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All crew aboard distressed ships in transatlantic race safe

Passengers aboard the cruise liner Queen Mary 2 look on as they approach a British sailor on a disabled yacht in the Atlantic Ocean on Saturday, June 10, 2017. All crew aboard four storm-battered vessels that had been racing across the Atlantic Ocean are safe, the Halifax-based joint rescue co-ordination centre said Saturday. A spokeswoman for the centre said crew on two sailboats that put out distress calls were rescued Saturday morning, while a third boat made its way to calmer waters.
Image Credit: THE CANADIAN PRESS/HO, Dave Ashley *MANDATORY CREDIT*
June 10, 2017 - 8:00 PM

HALIFAX - All crew aboard four storm-battered vessels that had been racing across the Atlantic Ocean are safe, the Halifax-based joint rescue co-ordination centre said Saturday.

A spokeswoman for the centre said crew on two sailboats that put out distress calls were rescued Saturday morning, while a third boat made its way to calmer waters.

Maj. Rhonda Stevens said the cruise liner Queen Mary 2 picked up a British sailor from a disabled yacht and is en route to Halifax, and two Dutch sailors rescued from another vessel in the mid-Atlantic are on a tanker headed towards the Bahamas.

A fourth vessel in the race declared a state of emergency on Saturday when it started taking on water, she said. The two Bulgarian sailors on board have been rescued and are on a research vessel headed to St. John's, N.L.

Stevens said sailors braved up to 10 metre swells in damaged boats, one of which saw its mast collapse. Some of the boats were manned by one crew member fighting off fatigue while trying to keep afloat in the heaving waters.

"It obviously was a long, drawn-out (effort) with a couple of days of uncertainty," said Stevens. "Those sailors were very experienced, so they hung on and did what they had to until we could get the rescue complete."

Stevens said rescuers faced challenging conditions during Saturday's mission, but with support in the skies from the Royal Canadian Air Force as well as British and Portugese aircraft, nearby vessels came to the sailors' aid and brought everyone to safety.

"When people are in distress, everybody willingly comes to help," said Stevens. "Rescuers showed their heroism and their passion for working on the sea and their skills, and they were able to save the lives of those people that were in distress."

A spokesperson for Cunard, which owns the Queen Mary 2, said the cruise liner was involved in the rescue operation, and that the lone sailor who was picked up is now safely on board.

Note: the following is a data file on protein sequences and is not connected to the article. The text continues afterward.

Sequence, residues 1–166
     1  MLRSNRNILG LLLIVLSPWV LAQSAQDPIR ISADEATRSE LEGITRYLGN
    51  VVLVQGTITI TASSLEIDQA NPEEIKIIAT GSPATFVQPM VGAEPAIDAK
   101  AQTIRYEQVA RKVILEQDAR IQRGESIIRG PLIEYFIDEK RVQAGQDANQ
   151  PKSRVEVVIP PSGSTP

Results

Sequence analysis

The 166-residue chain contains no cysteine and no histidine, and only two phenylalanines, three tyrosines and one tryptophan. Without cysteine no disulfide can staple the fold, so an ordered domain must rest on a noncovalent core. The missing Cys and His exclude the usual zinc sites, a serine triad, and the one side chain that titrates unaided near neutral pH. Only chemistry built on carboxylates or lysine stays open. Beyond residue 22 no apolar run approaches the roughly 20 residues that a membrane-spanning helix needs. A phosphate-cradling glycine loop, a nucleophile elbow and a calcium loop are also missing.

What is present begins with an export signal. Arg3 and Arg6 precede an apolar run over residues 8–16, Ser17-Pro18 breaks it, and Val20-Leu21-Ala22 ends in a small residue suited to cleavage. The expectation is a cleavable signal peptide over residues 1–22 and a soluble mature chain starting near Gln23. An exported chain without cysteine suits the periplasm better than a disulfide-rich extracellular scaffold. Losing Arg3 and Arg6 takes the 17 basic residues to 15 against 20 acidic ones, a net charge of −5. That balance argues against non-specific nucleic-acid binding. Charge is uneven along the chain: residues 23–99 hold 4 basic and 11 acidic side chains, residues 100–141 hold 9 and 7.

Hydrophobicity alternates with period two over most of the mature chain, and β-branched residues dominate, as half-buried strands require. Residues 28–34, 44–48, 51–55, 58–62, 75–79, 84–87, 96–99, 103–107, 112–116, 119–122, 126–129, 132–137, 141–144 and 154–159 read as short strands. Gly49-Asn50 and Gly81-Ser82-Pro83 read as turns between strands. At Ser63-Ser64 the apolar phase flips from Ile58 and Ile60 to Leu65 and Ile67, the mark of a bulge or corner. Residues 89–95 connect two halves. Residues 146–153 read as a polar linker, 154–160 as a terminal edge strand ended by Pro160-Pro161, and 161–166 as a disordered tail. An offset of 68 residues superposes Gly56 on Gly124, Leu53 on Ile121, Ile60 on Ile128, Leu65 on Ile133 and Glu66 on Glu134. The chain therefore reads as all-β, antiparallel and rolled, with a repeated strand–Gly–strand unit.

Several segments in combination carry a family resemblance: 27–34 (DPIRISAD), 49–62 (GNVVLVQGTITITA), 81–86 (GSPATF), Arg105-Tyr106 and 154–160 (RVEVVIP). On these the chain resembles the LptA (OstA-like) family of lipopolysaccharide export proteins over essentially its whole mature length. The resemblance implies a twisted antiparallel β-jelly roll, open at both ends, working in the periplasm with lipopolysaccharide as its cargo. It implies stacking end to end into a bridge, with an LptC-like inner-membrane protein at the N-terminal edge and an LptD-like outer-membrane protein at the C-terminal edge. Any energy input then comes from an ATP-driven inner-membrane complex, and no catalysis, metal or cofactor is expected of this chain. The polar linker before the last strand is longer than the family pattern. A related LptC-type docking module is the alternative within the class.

"It is standard seafaring practice to go to the aid of a vessel in distress," Capt. Chris Wells, the ship's captain, said in a statement. "We were pleased to be able to help and delighted that the yachtsman is safe and well and now on board Queen Mary 2."

Dave Ashley, a band musician who works on the Queen Mary, said that he and several crew members rushed to the top deck Saturday morning to see a sailboat bobbing in nearby waves as a Canadian aircraft circled overhead.

"I woke up this morning expecting a routine crew drill," Ashley said in an online message from the cruise ship. "And found out there was a rescue in progress."

The cruise liner pulled up right next to the yacht, he said, and the skipper hopped into a rescue boat and was brought to safety.

An announcement blared that the sailor had pulled the cogs to sink the boat in a few hours, according to a recording provided by Ashley, and the captain thanked his crew for a job well done.

Rescue officials have said the vessels racing between Plymouth, England, and Newport, R.I., encountered very heavy weather late Thursday about 1,660 kilometres east of Newfoundland.

Two coast guard vessels and the Canadian warship HMCS Charlottetown were sent to the scene on Friday, but Stevens said the vessels were later called off. She said two Hercules and an Aurora aircraft took turns patrolling the area, keeping in contact with the sailors on board.

While the degree of damage varied, Stevens guessed that many of the vessels were wrecked beyond repair. "I can't imagine that anyone's going to go mid Atlantic to salvage them," she said.

News from © The Canadian Press, 2017
The Canadian Press

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